South West Seal, Skeleton Coast, Namibia

South West Seal, Skeleton Coast, Namibia

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Mowe Bay
The Suiderkus, a Cape Town-based trawler, owned by the Angra Pequena Viskoporasie, which cost R3,5 million to build, equipped with state-of-the-art navigation equipment, ran onto the rocks at Mowe Bay on her maiden voyage on 16 January 1977. In a few months the expensive trawler became rusted and derelict, reduced to a picturesque but temporary landmark. Parts of the ship are still visible today. There is a tiny museum at Mowe Bay filled with bones, human skulls, life vests from Japanese whalers, the figurehead of a galleon, brass cannons, rigging and numerous other remnants of wreckage. Suiderkus, Mowe Bay, Namibia
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"The Bom Jesus"

The shipwreck was discovered by a Namdeb worker, Kapaandu Shatika on 1 April 2008. Diamond prospectors in Namibia nearly a decade ago stumbled upon remnants of a shipwrecked Portuguese vessel whose trading journey to India was cut short by a storm in 1533. Today the artifacts from the doomed ship, described by archaeologists as one of that era's most important finds, remain a hidden treasure. The remains of the ship owned by Portuguese King Joao III, identified by archaeologists as the Bom Jesus. While the fate of the crew of the Bom Jesus is unknown, the ship's relics include 2,266 Portuguese and Spanish gold and silver coins, pewter plates, cutlery handles, a brass medical syringe and goods that were to be traded for spices in India, ingots stamped with the trident symbol of a German trading house, and elephant ivory believed to have been transported from West Africa to Lisbon, the Portuguese capital. Wood planks from the ship's structure and weapon parts are kept in tanks of water, a conservation process that removes corrosion-causing salt. It is possible that the ship may be linked to Portuguese explorer Bartolomeu Dias, who went missing in 1500. The sunken ship's rich treasure includes a total of 2,266 gold and silver coins that were found underneath its planks.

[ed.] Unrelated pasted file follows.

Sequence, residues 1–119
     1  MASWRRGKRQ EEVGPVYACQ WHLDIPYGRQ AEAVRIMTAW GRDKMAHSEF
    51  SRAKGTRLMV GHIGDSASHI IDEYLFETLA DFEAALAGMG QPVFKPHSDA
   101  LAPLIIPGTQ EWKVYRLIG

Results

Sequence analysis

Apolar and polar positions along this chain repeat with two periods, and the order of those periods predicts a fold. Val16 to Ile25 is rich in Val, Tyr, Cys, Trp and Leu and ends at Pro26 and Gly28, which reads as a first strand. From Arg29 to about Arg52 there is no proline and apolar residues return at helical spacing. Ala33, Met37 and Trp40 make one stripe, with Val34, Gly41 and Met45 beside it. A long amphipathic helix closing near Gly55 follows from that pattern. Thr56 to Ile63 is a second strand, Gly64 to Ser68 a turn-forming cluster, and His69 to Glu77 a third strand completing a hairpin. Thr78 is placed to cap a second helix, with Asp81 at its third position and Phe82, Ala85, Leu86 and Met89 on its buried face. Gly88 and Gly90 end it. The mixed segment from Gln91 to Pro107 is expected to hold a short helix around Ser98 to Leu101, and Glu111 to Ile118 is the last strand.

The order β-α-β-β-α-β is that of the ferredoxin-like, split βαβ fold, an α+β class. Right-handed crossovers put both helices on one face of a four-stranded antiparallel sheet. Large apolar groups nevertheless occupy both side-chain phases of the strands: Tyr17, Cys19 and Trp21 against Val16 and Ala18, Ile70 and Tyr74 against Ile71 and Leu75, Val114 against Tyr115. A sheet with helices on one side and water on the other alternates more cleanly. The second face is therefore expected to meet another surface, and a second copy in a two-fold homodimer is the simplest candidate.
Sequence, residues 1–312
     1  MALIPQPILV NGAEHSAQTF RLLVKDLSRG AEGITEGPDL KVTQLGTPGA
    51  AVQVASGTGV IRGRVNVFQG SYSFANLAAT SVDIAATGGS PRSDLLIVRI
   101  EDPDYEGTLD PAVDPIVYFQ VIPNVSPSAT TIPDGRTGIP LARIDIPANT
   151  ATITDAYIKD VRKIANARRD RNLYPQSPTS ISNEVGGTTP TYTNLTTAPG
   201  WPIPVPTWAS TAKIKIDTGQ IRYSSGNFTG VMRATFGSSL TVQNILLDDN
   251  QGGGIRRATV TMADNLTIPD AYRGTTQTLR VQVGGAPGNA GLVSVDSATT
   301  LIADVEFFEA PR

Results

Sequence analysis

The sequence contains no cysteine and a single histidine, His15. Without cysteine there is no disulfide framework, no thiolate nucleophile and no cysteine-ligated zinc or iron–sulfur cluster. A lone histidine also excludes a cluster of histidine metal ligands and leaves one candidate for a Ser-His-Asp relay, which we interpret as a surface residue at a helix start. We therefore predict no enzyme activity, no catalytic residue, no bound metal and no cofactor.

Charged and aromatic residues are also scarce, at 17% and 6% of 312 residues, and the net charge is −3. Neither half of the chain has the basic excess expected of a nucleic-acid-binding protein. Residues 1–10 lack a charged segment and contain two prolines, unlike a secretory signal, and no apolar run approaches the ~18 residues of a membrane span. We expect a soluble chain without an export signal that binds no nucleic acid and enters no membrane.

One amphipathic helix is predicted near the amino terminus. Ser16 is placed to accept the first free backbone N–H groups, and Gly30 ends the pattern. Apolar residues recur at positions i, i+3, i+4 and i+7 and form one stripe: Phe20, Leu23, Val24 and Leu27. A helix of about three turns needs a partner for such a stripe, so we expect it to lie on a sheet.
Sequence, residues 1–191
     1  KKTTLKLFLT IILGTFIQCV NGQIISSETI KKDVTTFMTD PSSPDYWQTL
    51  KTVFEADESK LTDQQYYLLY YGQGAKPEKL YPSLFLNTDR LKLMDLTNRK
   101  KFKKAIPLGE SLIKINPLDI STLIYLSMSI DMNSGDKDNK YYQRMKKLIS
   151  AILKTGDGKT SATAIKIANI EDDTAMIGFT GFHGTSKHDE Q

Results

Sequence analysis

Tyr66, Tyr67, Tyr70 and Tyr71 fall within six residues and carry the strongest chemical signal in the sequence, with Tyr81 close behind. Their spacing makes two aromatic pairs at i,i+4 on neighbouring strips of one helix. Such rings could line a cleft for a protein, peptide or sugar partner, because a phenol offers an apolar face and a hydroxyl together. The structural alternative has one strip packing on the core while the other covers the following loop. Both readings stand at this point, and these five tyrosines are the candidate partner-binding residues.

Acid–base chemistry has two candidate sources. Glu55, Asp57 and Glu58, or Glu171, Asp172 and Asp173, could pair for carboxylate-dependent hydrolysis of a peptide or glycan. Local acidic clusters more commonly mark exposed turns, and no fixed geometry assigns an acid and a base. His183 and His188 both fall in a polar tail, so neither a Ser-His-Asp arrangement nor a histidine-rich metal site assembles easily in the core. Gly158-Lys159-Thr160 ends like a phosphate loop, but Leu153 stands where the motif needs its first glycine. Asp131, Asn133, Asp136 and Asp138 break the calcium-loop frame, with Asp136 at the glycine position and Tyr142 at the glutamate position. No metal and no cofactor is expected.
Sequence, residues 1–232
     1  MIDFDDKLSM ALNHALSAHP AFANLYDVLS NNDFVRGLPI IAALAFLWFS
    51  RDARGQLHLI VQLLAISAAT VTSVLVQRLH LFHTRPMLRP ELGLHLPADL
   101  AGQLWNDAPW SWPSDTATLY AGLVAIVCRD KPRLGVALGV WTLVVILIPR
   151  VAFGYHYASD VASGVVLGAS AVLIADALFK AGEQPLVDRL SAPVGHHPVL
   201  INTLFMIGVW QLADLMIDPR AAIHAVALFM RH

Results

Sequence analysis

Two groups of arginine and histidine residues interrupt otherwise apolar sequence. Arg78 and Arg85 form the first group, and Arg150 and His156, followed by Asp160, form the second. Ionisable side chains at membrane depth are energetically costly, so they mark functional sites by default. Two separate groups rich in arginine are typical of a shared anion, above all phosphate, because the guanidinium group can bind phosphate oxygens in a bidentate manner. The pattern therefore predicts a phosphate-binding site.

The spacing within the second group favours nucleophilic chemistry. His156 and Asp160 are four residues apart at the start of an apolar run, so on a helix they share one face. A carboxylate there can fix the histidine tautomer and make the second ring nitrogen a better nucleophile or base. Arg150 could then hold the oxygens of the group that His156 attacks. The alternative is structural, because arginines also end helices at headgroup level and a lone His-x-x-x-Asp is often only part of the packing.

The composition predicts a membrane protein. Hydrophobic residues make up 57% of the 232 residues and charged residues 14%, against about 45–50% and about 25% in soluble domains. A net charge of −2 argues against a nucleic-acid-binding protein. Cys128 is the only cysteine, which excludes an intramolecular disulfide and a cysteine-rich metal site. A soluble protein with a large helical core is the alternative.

The Bom Jesus, Oranjemund area, Namibia

The Bom Jesus, Oranjemund area, Namibia

The Bom Jesus, Oranjemund area, Namibia

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"The Vlissingen"
  Some 180km south of Walvis Bay in a hidden bay in an inaccessible beach area rests a Dutch shipwreck for nearly 300 years now. Only now and then a rare expedition disturbs it at Meob Bay. Those lucky enough who were there, report of some antique coins, called “doits” washed up on the beach. These copper coins bear the letters “VOC” (Verenigde Oostindische Compagnie” – Unified East-Indian Company). The Dutch VOC existed from 1602 until 1799 and traded with India and Asia. In 1652 it started a storage station at the Cape of Good Hope, today’s Cape Town. One of the VOC’s ships called “Vlissingen” probably capsized in 1747 at Meob Bay, according to Bruno Werz. He wrote an article about it in the Journal of Namibian Studies, 2008. Werz led an expedition to Meob Bay. About 900 copper “doits” engraved with VOC were found there, many of them bearing their manufacturing year of 1746. Research proved they were coined that year in Middelburg, Netherlands. -
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near Luderitzbucht Harbour
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"Tong Wha 107"
10 miles north of Spencer Bay
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05.12.1955/ Sandwich Harbour - -